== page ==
Bulls backcourt suddenly lacks possible assets as trade deadline nears

Bulls backcourt suddenly lacks possible assets as trade deadline nears

Even with backcourt players in and out of the lineup most of the season, the Bulls were still operating from a position of strength with their guards. With Alex Caruso having wrist surgery on Monday, and Lonzo Ball expected to have knee surgery later this week, that’s no longer the case.

It felt like a position of strength for the Bulls about a month ago.

Backcourt depth that few teams in the league were even close to having, and enough that if a trade was to be made by the front office, moving a guard would make the most sense.

That’s changed quickly.

Combo guard Alex Caruso had surgery on his right wrist Monday morning, and starting point guard Lonzo Ball was still rehabbing his knee in preparation for surgery later this week. Both were given timelines of six-to-eight weeks, but Caruso’s was for a re-evaluation of the wrist at the point, not necessarily a return.

With the Feb.10 trade deadline just a few weeks out, the Bulls are suddenly coveting their backcourt assets, needing all hands on deck for both guard spots.

“I have not talked to [executive vice president of basketball operations] Arturas [Karnisovas] about that in specifics, or [general manager] Marc [Eversley], but I would say this from my perspective – I think a lot of it is going to be the timetable of some of these surgeries with Alex and Lonzo, just finding out when would it be close to a return date,’’ Donovan said. “I’ve said this before, but I think for a lot of front offices it’s probably difficult to really evaluate teams because teams have been in such flux with Covid, and for us it’s been Covid and injuries, so I don’t know if it’s anything backcourt-wise.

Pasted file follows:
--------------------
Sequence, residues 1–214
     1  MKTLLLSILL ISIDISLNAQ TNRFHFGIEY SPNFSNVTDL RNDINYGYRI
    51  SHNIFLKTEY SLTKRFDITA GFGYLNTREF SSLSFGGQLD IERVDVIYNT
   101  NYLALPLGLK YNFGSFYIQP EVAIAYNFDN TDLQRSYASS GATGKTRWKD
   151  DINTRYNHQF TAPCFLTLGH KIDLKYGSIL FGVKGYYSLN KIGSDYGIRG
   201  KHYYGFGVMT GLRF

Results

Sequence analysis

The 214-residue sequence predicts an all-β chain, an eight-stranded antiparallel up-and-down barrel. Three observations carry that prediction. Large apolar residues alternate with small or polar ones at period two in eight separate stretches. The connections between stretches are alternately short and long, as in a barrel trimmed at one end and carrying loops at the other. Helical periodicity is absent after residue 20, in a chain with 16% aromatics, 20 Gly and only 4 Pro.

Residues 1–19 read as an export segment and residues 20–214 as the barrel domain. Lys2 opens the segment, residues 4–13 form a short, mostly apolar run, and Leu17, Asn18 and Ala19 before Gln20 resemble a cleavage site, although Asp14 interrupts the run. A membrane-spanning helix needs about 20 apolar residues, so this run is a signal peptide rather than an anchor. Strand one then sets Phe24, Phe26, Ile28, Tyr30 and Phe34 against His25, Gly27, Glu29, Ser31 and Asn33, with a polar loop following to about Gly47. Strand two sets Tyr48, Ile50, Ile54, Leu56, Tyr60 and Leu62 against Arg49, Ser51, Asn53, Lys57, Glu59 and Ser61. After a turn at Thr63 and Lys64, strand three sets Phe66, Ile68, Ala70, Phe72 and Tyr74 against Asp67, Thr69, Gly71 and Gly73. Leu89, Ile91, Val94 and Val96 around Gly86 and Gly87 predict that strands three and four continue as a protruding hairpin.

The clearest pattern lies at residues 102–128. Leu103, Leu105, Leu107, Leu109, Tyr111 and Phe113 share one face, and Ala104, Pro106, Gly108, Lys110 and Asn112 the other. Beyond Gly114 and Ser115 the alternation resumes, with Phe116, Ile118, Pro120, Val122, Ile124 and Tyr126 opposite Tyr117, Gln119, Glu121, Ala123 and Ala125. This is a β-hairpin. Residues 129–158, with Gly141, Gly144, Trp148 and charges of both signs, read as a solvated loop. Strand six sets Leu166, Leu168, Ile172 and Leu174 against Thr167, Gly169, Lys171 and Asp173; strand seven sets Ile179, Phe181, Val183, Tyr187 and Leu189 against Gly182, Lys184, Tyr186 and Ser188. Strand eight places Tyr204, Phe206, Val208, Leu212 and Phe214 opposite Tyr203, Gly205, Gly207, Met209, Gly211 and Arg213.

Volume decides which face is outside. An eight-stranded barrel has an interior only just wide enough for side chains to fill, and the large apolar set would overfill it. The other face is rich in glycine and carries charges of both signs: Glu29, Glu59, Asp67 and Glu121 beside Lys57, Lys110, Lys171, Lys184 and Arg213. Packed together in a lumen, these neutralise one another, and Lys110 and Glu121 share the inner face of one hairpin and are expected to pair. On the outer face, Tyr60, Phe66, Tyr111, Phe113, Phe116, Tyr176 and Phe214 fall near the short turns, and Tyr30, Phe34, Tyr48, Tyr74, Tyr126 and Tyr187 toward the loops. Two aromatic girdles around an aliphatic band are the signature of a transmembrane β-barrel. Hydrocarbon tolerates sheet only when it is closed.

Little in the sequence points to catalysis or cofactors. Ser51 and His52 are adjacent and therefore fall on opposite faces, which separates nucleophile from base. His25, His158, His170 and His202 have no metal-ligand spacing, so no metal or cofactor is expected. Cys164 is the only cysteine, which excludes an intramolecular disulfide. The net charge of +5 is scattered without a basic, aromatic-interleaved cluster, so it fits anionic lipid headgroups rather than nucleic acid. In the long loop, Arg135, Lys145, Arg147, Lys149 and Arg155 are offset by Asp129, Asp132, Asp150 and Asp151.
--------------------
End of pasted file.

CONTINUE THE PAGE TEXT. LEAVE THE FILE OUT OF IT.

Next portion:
“We’re thin there now, and we went from really having a deep backcourt – but our backcourt was never really deep this year because we were always dealing with something. It’s been a flux of guys in and out so we were never whole back there. So I haven’t had enough conversations with Arturas to really get into any details of what the thought process may be at this point and time.’’

The Bulls haven’t been alone in that uncertainty.

While the health and safety protocols have simmered for most teams, the league has been dealing with a rash of injuries, as well as some borderline playoff teams deciding if they want to be buyers or sellers.

There has been some movement in the trade market over the last week, but obviously none that have involved the Bulls or filling the vacancy of the lack of size they still have at the four.

They do have time to at least see how Caruso and Ball are healing as the deadline ticks down, but it’s not an easy position to be in for Karnisovas.

Donovan does expect the coaching staff and front office to have a more detailed sit-down soon, discussing the roster from top to bottom.

Forty-one and done

One night after scoring 41 in the loss to Orlando, Donovan decided that consecutive games in which DeMar DeRozan had put in 38-plus minutes was enough.

DeRozan was sidelined for what was realistically load management, especially with the game in Oklahoma City the second game of a back-to-back.

“You guys had asked me a lot about this just with the stress we had with these make-up games, and so many games condensed, there would be conversations we had,’’ Donovan said. “And I just think with DeMar, just physically where he’s at he needs a break here.’’

DeRozan, 32, led the Bulls with 34.8 minutes per game, which ranked him 17th overall in the league. Toronto’s Fred VanVleet led the league with 38.2 minutes per game.

Troy Brown Jr. started in DeRozan’s spot.

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